Consumers may also have problems with RFID standards. They would have to pay to access a different company’s convenient proprietary RFID system. Alternatively, if every company had their own convenient proprietary system, a consumer would need to carry many different devices with them, in order to gain access to company systems.

System disruption

Given that RFID systems use the electromagnetic spectrum, they are somewhat easy to jam using right frequency energy. This would only bother consumers in stores due to longer waits at the checkout. However it could be devastating in other situations where RFID is progressively more used, like hospitals or in the military in the field.

Active RFID tags that use battery to increase the system range can be repetitively require maintenance due to low battery. This could result in system disruption.

Reader Collision

This kind of collision occurs when signals from two or more readers overlap. The tag is incapable of responding to simultaneous queries. Care must be taken to set up systems so as to avoid this problem; many systems use an anti-collision protocol which enables the tags to take turns in transmitting to a reader.

Tag Collision

Tag collision occurs when many tags are present in a small area; but since the read time is very fast, it is easier for vendors to develop systems that ensure that tags respond one at a time.

Security, privacy and ethics problems with RFID

The following are reported problems with RFID tags and readers.

RFID tags can be read without Consent

RFID tags can be read exclusive of being swiped or noticeably scanned just like magnetic strips or barcodes, anyone with an RFID tag reader can read the tags embedded in products without the consent of the owner of the product.
For example, Stores can scan customers’ items before they enter the store, so as to find out what they are carrying. Using this information clerks or appointed customer service assistants can suggest accessories or products associated with what customers are carrying.

RFID tags are difficult to remove

RFID tags are not easy to remove, especially for consumers; some are very small, others may be buried or implanted inside a product where consumers cannot see them. New technologies allow RFID tags to be "printed" right on a product and may not come off.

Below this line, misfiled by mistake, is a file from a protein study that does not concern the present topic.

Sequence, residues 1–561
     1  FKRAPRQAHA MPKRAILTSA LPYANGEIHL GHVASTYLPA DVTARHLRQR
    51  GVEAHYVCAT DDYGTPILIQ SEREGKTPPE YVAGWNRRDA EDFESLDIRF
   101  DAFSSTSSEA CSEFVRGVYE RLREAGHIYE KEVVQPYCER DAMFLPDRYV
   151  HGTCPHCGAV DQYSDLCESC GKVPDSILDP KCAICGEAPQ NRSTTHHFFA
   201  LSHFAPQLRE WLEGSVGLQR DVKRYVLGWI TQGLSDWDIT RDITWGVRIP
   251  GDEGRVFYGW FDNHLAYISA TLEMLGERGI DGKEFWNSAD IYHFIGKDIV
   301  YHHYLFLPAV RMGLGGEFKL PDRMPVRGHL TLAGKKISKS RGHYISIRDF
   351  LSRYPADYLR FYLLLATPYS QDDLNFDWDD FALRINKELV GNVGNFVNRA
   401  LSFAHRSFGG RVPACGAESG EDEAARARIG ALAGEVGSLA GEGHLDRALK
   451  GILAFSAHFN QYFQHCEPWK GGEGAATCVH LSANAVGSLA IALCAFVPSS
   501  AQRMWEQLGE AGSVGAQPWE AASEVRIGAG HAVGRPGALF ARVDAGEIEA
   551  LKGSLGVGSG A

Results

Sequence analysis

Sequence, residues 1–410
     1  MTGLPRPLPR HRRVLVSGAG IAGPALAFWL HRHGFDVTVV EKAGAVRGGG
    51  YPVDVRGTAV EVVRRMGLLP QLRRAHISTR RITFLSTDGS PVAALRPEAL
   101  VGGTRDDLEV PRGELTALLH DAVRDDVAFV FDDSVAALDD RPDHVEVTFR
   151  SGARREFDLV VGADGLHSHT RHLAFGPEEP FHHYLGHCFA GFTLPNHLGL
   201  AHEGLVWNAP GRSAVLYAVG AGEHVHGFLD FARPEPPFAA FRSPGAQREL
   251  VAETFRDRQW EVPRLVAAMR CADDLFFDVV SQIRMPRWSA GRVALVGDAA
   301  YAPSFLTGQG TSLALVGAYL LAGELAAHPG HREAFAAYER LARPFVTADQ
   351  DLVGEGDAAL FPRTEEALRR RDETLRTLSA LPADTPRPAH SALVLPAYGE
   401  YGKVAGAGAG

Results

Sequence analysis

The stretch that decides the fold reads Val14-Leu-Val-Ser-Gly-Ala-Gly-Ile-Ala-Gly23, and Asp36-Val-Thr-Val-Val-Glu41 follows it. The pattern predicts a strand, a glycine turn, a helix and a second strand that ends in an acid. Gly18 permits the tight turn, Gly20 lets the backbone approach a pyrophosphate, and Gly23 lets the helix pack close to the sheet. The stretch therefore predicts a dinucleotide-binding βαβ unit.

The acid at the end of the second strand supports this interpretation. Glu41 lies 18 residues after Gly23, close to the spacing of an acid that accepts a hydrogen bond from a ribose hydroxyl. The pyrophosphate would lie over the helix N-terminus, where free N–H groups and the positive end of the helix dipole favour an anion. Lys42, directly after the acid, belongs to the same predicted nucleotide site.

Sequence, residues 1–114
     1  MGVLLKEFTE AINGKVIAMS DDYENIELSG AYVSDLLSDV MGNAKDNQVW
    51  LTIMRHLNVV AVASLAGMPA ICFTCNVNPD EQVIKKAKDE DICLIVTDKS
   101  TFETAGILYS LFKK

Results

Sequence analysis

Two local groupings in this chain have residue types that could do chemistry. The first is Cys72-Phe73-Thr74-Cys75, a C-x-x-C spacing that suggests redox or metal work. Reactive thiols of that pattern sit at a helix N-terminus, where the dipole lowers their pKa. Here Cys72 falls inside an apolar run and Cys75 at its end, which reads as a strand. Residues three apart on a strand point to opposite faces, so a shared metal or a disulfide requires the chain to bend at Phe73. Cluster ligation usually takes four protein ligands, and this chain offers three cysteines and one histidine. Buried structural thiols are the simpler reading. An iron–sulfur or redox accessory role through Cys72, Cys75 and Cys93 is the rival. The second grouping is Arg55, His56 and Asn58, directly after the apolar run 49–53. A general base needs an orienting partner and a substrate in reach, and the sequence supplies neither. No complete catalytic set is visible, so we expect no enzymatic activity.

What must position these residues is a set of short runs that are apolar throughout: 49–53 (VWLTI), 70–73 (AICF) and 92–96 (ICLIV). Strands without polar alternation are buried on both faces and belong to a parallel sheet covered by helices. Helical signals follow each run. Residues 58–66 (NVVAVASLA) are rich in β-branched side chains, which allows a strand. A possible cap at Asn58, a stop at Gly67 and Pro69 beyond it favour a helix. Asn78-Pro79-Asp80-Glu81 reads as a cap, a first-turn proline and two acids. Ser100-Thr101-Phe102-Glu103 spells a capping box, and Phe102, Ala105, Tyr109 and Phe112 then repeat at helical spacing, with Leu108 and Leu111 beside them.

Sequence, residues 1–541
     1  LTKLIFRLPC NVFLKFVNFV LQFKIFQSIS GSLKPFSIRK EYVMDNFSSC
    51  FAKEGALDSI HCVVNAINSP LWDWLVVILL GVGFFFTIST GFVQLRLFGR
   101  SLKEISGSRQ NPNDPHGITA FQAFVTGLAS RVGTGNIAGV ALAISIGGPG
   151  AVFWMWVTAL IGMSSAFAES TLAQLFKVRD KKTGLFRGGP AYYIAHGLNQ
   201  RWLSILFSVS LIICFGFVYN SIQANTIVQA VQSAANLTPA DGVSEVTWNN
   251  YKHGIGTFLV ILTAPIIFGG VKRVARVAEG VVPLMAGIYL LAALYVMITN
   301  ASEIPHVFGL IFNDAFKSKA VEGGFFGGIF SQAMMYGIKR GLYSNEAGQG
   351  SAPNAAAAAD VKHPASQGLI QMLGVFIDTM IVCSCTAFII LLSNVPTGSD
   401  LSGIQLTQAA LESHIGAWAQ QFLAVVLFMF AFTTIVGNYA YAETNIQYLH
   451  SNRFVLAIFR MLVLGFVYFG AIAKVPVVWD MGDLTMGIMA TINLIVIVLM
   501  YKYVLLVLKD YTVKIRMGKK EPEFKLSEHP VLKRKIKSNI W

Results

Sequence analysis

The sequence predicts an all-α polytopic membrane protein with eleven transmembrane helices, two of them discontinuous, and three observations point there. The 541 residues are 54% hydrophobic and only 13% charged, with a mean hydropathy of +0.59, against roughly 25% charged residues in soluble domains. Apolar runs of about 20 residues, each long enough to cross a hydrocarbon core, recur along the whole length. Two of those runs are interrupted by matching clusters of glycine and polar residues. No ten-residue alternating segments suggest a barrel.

High-gain antennas enable people interested to read RFID tags even with large distances.

RFID reader/tag systems are designed to keep distance between the tag and the reader at a minimum. Nevertheless, high-gain antennas can be used to read the tags from much further away, leading to privacy problems.

RFID tags cannot differentiate between readers. RFID scanners on the other hand are very portable; in addition RFID tags can be read from a distance. This permits anyone to see the contents of anything that you carry.

RFID tags with unique serial numbers could be linked to an individual credit card number

At present, the Universal Product Code (UPC) implemented with barcodes allows each product in a store to have a unique number identifying it. With time there will be a global system of product identification that will allow all items to have unique identifiers. Once these products are scanned for purchase and paid for, the RFID tag number for a particular item can be associated with a credit card number.


Current Applications


u    Livestock Tagging

u    Wild Animal Tracking

u    Electronic Article Surveillance (EAS)

u    Automated Toll Collection

u    Animal Husbandry

u    Vehicle Anti-Theft

u    Passive / Secure Entry

u    Airline Baggage Tracking

u    Postal Package Tracking

u    Time and Attendance



Potential Applications


u    The Euro by 2005

u    Xerox PARC Page Detection

u    Department of Defense

u    Immigrations Departments

u    Hospitals


My work is adapted from the RFID Journal, AIM Global Network and